Q. And the evil continued to some extent until the enactment of the law of last year dividing the wards into precincts ?-A. Understand that I do not think that the registration was affected by it.
Q. You had plenty of time to make an examination of every case ? A. Yes.
Q. Are there many names on your list as it now stands in this city that have come down to you from former years, and which have not been scrutinized by the board at all ?-A. There are many names that bave come down to us, but, as you may have observed from what has been stated, our scrutiny is more or less directed to them every year.
Q. You have not perhaps observed the point of my question. It is this: Are there or not names on the list that you have never scru. tinized at all -A. That I cannot say, because the board was three years in operation before I went into it. I should say that undoubtedly there are names there that will gradually be eliminated from the list by further and continued scrutins. From my own observation of the list, I cannot give you any other answer than that simply I have .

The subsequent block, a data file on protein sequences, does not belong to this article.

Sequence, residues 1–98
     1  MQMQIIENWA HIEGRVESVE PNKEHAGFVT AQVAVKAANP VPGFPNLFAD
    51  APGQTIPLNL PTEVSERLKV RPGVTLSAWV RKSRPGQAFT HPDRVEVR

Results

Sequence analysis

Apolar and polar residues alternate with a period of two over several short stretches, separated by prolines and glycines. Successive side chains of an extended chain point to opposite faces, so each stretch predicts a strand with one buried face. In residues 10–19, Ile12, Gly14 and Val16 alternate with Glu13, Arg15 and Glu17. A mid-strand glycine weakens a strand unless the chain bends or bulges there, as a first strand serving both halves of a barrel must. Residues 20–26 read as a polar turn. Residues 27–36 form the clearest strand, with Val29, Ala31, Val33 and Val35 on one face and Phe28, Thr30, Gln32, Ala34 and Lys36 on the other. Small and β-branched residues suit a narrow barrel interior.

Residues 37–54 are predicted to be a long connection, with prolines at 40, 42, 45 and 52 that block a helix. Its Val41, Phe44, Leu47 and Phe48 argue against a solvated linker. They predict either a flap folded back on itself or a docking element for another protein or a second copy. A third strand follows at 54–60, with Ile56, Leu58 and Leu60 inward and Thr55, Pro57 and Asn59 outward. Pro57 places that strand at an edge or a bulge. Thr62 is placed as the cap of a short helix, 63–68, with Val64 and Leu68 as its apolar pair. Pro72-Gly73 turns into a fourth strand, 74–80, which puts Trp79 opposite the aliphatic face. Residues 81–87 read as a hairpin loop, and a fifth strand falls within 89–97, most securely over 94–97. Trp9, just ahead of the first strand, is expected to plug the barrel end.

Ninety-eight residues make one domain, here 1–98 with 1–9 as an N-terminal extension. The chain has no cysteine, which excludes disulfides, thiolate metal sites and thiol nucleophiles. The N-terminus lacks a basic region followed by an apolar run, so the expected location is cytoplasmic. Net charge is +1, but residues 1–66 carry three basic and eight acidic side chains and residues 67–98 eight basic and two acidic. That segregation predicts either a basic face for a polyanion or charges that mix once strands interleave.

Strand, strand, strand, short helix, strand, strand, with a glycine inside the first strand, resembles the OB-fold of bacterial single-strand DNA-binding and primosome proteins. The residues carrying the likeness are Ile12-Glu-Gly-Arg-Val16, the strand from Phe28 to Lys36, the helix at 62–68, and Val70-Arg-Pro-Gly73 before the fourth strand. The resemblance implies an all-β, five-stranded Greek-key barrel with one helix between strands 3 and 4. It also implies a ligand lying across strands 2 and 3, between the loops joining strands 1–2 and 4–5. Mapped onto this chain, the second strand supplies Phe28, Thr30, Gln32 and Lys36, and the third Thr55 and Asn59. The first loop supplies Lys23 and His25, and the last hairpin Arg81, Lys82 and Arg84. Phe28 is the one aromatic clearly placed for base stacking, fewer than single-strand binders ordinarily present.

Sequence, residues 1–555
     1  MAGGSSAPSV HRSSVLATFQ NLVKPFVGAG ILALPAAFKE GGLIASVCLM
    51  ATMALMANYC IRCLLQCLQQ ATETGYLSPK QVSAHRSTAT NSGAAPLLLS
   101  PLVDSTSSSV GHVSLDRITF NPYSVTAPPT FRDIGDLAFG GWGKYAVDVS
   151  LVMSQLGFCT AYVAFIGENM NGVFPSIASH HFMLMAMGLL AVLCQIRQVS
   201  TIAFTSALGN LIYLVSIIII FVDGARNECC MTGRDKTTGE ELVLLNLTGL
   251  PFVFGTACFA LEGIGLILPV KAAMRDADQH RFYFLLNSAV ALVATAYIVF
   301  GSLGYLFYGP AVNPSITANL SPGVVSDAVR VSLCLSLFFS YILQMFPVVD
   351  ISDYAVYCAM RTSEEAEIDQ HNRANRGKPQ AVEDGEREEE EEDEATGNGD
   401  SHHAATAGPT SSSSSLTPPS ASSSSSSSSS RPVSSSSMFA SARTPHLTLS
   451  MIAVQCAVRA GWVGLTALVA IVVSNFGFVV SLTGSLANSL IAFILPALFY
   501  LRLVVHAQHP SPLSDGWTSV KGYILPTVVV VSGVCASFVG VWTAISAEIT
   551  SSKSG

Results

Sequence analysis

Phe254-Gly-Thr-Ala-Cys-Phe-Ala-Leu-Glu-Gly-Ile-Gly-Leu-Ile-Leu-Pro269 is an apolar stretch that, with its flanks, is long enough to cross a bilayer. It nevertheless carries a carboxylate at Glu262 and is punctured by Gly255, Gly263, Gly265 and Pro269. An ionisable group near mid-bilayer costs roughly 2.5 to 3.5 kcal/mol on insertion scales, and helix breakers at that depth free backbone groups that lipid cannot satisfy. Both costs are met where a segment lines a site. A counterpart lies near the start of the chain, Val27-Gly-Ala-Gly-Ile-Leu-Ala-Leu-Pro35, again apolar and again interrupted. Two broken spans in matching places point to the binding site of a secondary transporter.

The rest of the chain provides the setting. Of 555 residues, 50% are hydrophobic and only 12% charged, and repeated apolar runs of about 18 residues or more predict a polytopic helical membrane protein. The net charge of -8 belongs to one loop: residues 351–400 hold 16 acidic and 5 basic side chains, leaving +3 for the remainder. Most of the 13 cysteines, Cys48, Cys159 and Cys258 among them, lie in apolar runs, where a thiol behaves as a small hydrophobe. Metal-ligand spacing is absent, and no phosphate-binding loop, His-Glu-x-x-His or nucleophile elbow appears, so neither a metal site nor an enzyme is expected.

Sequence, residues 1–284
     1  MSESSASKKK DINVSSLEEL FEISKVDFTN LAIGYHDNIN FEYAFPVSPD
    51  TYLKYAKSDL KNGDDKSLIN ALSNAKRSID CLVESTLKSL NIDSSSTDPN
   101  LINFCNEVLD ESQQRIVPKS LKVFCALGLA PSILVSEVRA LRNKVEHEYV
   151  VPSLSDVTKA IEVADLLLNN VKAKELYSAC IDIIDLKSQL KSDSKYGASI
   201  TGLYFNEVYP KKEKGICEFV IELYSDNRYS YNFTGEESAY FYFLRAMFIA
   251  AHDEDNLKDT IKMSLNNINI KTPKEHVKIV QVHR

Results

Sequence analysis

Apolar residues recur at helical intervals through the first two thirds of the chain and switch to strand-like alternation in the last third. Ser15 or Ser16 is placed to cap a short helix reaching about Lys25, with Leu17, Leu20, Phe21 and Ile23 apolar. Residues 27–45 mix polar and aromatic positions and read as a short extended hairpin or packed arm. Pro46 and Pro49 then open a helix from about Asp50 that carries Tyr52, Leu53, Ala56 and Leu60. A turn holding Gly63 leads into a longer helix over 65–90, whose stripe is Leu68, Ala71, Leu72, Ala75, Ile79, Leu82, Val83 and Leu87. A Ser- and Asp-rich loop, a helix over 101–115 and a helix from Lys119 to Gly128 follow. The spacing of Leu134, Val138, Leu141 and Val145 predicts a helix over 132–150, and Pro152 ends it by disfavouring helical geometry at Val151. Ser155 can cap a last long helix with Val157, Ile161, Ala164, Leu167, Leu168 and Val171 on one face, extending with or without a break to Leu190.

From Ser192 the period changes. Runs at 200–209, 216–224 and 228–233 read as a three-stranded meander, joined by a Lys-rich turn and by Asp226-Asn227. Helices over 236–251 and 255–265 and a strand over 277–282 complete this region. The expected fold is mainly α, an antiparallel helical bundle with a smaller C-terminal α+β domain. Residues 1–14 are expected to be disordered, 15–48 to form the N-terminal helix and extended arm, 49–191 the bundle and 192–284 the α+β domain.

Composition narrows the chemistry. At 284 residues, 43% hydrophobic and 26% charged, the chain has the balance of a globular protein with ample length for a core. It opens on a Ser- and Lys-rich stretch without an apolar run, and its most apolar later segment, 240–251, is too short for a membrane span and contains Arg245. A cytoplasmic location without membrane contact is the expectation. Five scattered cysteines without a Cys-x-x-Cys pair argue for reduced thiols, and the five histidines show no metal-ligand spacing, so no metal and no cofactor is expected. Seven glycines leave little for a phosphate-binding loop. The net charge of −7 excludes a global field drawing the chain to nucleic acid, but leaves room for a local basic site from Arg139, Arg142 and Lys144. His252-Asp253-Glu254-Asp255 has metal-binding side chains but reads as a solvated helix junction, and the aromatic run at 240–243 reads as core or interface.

reason to believe there are such names low upon the list, though small in number proportionately.
Q. You cannot tell how long it will take you, under your system, to reach all of those pames!—A. No, sir; I can only judge from last year's scrutiny.
Q. Suppose you were to commence anew and proceed to register from an actual examination as to all the inhabitants of the city, do you not think you would be more likely to get a correct registration of the citizens or voters of Boston than you would get in any other way?-A. I do not.
Q. Suppose that those who you appoint for the purpose should go from house to house and get the names, and that a list should be made up in that way independent of all outside influences, do you not think you would get a more perfect list than you would get in any other war l-A. I do not think we could get a more perfect list than that wbich we now get from the assessors. They have a moneyed object in view, and that incites them to get the names as accurately as possible.
Q. But they take many names that you have not on your list ?-A. They take the pames as a matter of business, and we take our names from them.
(By the CHAIRMAN:) Q. A citizen of Boston who is a tax payer, and whose name was not on the list in the year before last, would very naturally get upon the list, would be not?-A. Yes, sir.
Q. If the assessor had no business to take him off, the same name must come there as a necessary consequence as it did in the first place?A. Yes, sir.